Today's headlines include reports about Maryland's plan to reduce hospital spending.
Kaiser Health News: Maryland's Bold Hospital Spending Plan Gets Federal Blessing
Kaiser Health News staff writer Jay Hancock reports: "Maryland officials have reached what analysts say is an unprecedented deal to limit medical spending and abandon decades of expensively paying hospitals for each extra procedure they perform. If the plan works, Maryland hospitals will be financially rewarded for keeping people out of the hospital -;a once unimaginable arrangement" (Hancock, 1/10). Read the story.
Kaiser Health News: Obamacare Giving Big Boost To Georgia's Health IT Industry
WABE's Jim Burress, working in partnership with Kaiser Health News and NPR, reports: "Politically, Georgia is fighting the health law at every turn. Gov. Nathan Deal, a Republican, has chosen not to expand Medicaid, and the state's insurance commissioner publically vowed to obstruct the Affordable Care Act. But that doesn't mean Georgia isn't seeing a financial benefit from the law" (Burress, 1/9). Read the story.
Kaiser Health News: Capsules: Some Breast Cancer Drugs To Be Free For High-Risk Women
Now on Kaiser Health News' blog, Phil Galewitz reports: "Starting next September, women at increased risk for breast cancer will be able to get some drugs shown to help prevent the disease without a co-pay, the Obama administration said Thursday. The U.S. Preventive Services Task Force recommended last September that clinicians give medications such as tamoxifen or raloxifene to such women to reduce their risk of the disease. Under the Affordable Care Act, items or services rated A or B by the independent review board of physicians and academics must be covered by insurers without a co-pay or deductible. Insurers are given a year to make the change" (Galewitz, 1/9). Check out what else is on the blog.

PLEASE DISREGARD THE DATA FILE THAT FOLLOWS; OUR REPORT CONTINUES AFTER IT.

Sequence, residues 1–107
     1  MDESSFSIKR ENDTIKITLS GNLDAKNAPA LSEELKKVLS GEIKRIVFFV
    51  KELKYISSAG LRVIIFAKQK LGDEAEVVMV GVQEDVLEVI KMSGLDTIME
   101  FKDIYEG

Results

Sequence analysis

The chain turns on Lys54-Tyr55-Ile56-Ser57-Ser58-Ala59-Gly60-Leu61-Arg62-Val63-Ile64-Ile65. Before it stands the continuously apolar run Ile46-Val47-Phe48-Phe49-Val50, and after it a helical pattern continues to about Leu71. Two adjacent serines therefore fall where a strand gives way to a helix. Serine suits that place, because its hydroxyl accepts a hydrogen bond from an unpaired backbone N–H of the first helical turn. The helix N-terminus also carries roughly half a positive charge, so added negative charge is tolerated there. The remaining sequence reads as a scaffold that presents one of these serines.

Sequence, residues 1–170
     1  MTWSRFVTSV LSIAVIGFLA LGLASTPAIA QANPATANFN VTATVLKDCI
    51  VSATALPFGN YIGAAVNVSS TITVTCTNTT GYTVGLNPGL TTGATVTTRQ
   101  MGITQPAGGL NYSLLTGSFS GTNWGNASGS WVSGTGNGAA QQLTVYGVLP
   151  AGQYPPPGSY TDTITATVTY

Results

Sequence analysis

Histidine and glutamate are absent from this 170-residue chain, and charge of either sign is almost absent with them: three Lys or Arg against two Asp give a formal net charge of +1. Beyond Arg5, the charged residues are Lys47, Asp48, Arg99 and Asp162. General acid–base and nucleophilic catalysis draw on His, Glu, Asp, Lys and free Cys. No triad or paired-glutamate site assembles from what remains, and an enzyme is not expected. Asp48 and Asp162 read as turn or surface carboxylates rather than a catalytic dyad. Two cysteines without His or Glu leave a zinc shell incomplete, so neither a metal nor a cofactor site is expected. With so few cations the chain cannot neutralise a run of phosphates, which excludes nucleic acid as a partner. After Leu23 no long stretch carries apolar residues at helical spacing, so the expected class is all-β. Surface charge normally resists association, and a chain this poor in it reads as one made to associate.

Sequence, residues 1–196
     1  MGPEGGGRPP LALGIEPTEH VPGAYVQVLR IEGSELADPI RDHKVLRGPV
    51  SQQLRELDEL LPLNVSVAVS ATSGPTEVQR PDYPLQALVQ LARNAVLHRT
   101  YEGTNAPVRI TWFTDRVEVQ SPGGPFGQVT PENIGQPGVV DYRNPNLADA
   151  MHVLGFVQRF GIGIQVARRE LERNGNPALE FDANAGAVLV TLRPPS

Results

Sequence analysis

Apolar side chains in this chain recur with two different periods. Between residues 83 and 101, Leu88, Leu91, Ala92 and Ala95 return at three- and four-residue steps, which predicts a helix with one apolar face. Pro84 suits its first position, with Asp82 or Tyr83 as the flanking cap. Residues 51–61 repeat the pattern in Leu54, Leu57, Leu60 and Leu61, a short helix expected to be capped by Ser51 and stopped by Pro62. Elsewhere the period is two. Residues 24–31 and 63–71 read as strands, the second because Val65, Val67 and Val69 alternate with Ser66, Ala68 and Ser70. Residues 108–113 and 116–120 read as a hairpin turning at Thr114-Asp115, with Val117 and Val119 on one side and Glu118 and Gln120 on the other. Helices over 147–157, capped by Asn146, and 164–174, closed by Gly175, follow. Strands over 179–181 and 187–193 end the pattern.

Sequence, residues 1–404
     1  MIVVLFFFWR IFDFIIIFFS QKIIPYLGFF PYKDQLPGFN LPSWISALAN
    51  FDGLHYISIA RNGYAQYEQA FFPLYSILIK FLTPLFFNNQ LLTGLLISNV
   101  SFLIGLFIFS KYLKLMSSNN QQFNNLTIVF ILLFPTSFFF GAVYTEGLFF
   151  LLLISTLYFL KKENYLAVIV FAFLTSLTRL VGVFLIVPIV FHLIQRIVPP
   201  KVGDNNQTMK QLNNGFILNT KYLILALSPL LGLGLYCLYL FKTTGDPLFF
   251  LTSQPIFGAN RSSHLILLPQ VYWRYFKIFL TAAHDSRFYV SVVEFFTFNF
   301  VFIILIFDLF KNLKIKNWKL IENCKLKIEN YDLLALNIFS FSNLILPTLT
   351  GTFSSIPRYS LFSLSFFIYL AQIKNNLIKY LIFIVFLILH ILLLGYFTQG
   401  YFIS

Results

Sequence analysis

Kaiser Health News: New Providers Face Obstacles in Texas Women's Health Program
The Texas Tribune's Becca Aaronson, working in partnership with Kaiser Health News, reports: "Since ousting Planned Parenthood clinics from the Women's Health Program, which provides cancer screening, well-woman exams and contraception for low-income women, Texas leaders have made a concerted effort to recruit physician groups to fill the void. They also widened the services covered, adding testing and some limited treatment for sexually transmitted diseases. But unlike specialty family planning clinics, physician groups generally don't receive additional government funding to help low-income women access services not expressly covered by the program -- and that has created obstacles for both providers and patients" (Aaronson, 1/9). Read the story.
Los Angeles Times: Silence Suggests Supreme Court Divided Over Contraception Case
The surprising silence coming from the Supreme Court over the last week on a challenge to Obamacare by a group of Colorado nuns suggests justices are divided over what to with the complicated dispute. On New Year's Eve, Justice Sonia Sotomayor granted a temporary stay to the Little Sisters of the Poor, a Roman Catholic nonprofit charity that was seeking relief from an Affordable Care Act requirement that it formally request an exemption from offering contraceptives to its employees as part of its health plan (Savage, 1/9).